Finding Hope Through Gratitude

I believe in the message of hope. I believe in hope in the midst of despair. I believe when we are despairing, God despairs with us. And that underpins hope, because if God suffers with us, there is meaning in that hopeless experience.

A compassionate God offers us a steady supply of hope, but we do not always avail ourselves of it. Our means to do that is through gratitude. Gratitude is what brings hope into the present moment. Hope may seem a distant promised land but gratitude gives us awareness of the manna we are eating in the wilderness at this very moment.” 

These words were the opening of a paper I wrote for a ministry class some years ago but the words ring as true to me today.  As we wander in the wilderness of Covid 19, there are many for whom gratitude may seem a stretch.  Maybe you have lost a loved one and the virus has prevented having the closure of a celebration of life surrounded by friends and family. Maybe your job has been shut down and you have children to feed. Perhaps you are experiencing deep depression or panic attacks fueled by our present circumstances.  How do you find gratitude within yourself in this present moment?

“In this present moment” is the key.  In this present moment, ground yourself.  Take some slow, deep breaths.  Ask yourself: where are my feet? That may seem silly.  Do it anyway.  Recognize your feet as connected to solid ground (or imagine them connected if something prevents your putting them flat on the floor). 

Ask yourself:  where is my head? What thoughts am I feeding?  Name at least one thing for which you are grateful.  Continue searching if something doesn’t come immediately.  You might look to the book of Psalms or some other reading that you find uplifting.  I have sometimes turned to Psalm 42: “Why art thou cast down, O my soul? And why art thou disquieted within me?  Hope thou in God, for I shall yet again praise him for the help of his countenance.” If all else fails, think of someone you can do something for and be grateful for that motivation. 

May we be bearers of hope, the “wait staff” of Hope’s Café for each other and all those we encounter.

            Shalom, Kate

P.S. Bonus healthy snack from Hope’s Cafe:  slice an apple and sprinkle cinnamon on it. Dip it in yogurt. 😊


Hope’s Café….“where one can always find words of encouragement and a healthy snack.” These words are not original to me but are a line from a play that the children and youth at our church put on in December 2005. The words stuck with me. At the time I was completing three years of lay ministry training along with seven other church members. We decided we would designate a corner in one of the church rooms as “Hope’s Café.” One of us brought a table. One brought café type seating with checked patterned pads on the seats. A church member who was skilled at woodworking made a “Hope’s Café” sign. I put together a “menu” filled with uplifting quotes and articles and invited church members to contribute.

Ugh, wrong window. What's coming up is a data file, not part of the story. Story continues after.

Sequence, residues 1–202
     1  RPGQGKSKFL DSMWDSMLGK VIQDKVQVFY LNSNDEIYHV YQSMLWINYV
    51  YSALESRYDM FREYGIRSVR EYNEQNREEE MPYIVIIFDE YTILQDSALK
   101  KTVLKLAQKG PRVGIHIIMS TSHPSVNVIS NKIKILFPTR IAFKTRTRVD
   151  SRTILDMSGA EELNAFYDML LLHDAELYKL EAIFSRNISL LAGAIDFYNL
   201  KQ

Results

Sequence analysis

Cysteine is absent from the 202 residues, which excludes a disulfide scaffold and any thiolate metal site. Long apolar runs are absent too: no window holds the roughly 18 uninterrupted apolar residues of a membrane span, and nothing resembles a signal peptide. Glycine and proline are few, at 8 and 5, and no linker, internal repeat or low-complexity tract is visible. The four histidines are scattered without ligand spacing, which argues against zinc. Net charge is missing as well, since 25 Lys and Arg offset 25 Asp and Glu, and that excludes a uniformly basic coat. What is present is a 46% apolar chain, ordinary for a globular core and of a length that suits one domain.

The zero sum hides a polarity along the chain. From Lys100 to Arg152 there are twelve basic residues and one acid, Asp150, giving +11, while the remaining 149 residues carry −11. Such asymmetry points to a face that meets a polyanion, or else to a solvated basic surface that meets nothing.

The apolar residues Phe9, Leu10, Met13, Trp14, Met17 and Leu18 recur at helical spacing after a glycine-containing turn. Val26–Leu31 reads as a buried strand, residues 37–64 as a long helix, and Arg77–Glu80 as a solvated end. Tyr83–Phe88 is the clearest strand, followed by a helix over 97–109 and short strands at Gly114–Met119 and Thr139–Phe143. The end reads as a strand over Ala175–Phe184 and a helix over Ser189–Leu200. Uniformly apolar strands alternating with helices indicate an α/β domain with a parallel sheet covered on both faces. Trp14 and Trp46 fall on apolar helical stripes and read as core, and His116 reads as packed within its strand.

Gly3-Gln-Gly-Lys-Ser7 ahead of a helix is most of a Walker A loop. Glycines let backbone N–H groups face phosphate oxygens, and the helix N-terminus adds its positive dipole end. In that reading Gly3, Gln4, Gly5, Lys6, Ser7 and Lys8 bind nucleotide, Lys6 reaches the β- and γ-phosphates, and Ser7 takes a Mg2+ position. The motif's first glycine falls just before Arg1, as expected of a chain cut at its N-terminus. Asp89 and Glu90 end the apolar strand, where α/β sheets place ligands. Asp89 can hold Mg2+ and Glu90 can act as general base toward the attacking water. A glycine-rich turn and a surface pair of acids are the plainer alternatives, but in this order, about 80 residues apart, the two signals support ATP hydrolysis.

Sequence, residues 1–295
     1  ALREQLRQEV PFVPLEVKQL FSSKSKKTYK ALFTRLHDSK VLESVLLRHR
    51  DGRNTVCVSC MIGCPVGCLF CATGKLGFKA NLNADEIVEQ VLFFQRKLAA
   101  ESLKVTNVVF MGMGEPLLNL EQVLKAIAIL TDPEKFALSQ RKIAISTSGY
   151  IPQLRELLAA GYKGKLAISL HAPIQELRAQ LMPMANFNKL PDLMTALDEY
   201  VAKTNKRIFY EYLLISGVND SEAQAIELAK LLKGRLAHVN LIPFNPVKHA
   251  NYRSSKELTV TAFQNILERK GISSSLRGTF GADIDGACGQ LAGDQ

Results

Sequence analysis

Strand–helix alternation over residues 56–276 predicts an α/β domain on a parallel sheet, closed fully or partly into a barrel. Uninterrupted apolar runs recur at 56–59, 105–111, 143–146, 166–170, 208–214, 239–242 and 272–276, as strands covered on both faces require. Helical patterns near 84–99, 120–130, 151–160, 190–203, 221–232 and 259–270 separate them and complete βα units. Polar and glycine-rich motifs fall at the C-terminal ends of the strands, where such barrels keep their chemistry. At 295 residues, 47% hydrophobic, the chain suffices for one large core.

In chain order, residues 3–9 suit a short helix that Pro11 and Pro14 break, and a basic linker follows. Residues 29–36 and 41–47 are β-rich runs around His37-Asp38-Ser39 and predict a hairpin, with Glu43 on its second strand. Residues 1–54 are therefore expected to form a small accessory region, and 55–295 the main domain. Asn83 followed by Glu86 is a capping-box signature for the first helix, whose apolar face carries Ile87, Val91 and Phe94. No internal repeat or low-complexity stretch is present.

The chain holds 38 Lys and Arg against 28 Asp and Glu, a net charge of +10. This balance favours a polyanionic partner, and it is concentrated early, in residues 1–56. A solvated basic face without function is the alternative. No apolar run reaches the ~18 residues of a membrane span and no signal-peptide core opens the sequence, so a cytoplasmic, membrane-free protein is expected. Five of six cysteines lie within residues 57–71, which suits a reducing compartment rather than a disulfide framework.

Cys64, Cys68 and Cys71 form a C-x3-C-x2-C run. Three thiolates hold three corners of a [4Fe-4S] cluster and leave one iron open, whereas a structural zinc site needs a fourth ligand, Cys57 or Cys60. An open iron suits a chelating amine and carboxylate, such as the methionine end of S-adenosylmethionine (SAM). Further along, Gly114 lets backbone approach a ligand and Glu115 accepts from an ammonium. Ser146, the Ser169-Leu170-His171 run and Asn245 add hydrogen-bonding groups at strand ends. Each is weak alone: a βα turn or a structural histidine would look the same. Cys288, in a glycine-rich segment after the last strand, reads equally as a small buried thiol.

So today I continue in the spirit of those early efforts to give meaning to the words “Hope’s Café.” I write as we are living in these strange circumstances brought on by Covid 19. Ironically, we are both pulled apart as a nation and world as the competition builds for necessary resources and also more connected than ever by this virus. We all struggle to protect ourselves. We all feel the impact of the world economy teetering. We all face the challenge of how best to cope.

Years ago I came across the following quote: “It is not the circumstances in which we find ourselves but the spirit with which we meet them that constitutes our comfort.” There is fear, worry, grief aplenty in this time. It is important that we acknowledge them. But we don’t have to succumb to them. Even as we shelter in place, we can actively seek to bring a hopeful attitude to our circumstances. What medical developments might be discovered? What connections might people strengthen with one another? Might we learn to do with less? Might we find deeper meaning in our lives in a quieter, less busy environment? Pay attention to where your mind and spirit take you. Then redirect yourself as needed to a more hopeful space—your very own “Hope’s Café.”

May we be bearers of hope, the “wait staff” of Hope’s Cafe for each other and all those we encounter. Shalom, Kate

P.S. Bonus “healthy snack” tip: wash and freeze blueberries (spread in a layer)! They are quite tasty frozen 😊